Life as a total work of art
The show opens up the design, context and background of Vancouver House to public understanding with powerful visuals and commentary, showing how “Total Design” can transform contemporary condo living through the synthesis of art, architecture, interiors, urbanism and energy with public-mindedness.
First off, I like text works, and I dig this neon lettering that proclaims, as only German compound words seem to be able to, that life is a total work of art, or, so the translation tells me (I know kunst is art and werk is obvious!).
I like to hope that the people who run projects like this provide rich cultural insight and opportunity within a community, that projects like this can welcome, accommodate, and intrigue people of all social sectors, particularly while stating that life can be a work of art. However, I’m skeptical of where projects like this are often going, condo living isn’t an accessible experience for many people, and even when it’s intended to be things often don’t go according to plan. Consider development in Calgary’s East Village, for example. This project and the curated aspects of it, aim to demonstrate the often overlooked process of how a city develops and the craft and design involved in this process. Much like the criticisms the East Village development received on facebook, will the benefits of these intersections of art and life be ‘only for the rich’?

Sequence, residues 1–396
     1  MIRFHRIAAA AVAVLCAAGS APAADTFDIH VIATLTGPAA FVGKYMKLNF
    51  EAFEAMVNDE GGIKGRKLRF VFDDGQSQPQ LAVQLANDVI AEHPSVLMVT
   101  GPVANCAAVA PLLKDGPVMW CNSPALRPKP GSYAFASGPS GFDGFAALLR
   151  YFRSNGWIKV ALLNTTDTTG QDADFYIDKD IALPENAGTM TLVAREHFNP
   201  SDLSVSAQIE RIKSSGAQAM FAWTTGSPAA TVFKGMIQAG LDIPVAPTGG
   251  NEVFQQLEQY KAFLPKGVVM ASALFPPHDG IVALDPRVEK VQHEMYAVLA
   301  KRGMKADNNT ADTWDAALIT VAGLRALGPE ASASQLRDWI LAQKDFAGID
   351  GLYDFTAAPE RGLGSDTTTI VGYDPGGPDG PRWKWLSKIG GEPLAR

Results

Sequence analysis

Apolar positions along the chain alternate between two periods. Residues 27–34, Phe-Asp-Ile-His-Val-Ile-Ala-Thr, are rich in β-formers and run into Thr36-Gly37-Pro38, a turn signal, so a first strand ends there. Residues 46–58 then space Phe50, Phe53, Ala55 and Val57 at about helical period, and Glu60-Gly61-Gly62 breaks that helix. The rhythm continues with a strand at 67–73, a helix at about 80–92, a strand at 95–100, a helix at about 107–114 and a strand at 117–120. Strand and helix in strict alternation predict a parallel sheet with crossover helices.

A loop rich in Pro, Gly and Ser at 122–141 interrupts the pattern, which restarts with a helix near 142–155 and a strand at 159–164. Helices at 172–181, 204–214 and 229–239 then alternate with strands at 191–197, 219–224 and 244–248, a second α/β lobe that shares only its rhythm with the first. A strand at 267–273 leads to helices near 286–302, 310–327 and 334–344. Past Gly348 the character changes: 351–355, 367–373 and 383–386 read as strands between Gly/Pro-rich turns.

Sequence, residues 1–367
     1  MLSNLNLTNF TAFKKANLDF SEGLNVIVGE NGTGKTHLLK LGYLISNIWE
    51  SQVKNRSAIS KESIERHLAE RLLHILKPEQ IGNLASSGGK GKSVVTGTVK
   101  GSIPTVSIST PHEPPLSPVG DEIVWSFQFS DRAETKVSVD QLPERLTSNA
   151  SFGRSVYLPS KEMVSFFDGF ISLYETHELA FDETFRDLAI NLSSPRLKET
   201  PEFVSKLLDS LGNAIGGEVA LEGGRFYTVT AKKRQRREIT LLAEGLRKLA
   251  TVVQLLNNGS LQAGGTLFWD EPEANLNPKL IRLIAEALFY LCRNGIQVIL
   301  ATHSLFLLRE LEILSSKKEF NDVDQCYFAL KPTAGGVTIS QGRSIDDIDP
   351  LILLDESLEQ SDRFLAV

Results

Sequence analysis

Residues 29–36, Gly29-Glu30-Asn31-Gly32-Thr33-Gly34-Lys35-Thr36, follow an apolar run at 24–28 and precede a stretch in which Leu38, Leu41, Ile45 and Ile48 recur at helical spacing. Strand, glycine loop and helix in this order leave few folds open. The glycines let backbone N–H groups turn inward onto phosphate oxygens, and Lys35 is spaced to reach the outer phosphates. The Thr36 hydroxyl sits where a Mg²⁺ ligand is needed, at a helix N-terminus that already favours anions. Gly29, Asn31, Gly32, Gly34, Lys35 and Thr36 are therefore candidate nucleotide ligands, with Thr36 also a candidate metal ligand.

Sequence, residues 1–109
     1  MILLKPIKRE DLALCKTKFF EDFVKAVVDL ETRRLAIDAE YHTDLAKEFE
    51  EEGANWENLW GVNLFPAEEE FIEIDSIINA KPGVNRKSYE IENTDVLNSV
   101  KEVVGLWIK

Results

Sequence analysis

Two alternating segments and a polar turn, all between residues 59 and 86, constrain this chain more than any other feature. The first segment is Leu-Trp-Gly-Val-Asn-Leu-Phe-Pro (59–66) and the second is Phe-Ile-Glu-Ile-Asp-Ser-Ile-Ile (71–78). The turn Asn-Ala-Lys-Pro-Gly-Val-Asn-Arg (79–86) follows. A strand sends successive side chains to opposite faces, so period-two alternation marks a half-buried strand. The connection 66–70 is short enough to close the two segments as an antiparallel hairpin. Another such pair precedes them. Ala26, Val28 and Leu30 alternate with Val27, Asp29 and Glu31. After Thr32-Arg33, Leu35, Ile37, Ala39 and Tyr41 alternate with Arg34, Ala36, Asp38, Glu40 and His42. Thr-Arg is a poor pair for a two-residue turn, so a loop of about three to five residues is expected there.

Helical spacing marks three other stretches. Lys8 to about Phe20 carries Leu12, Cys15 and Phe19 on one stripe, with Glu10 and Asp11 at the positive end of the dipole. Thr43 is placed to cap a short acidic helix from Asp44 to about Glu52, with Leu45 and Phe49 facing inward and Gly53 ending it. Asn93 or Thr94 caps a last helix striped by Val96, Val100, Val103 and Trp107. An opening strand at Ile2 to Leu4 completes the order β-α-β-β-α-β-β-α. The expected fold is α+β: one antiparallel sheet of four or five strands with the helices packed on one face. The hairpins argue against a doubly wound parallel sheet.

Trevor Boddy, a noted urbanism expert who I came across in my Banff AiR reasearch, is how I stumbled upon this project, and though I live far from the Vancouver area, I am curious to see if this project will overcome the boundaries of art and urban living inclusively, perhaps even considering the social and economic implications of things like condo development within a city, or if what it offers will be a privileged experience for the already privileged, adding value and lip-service to a trendy new condo development as too often seems to happen when the ‘arts’ are involved in development ventures.
Gwerk opens to the public March 22.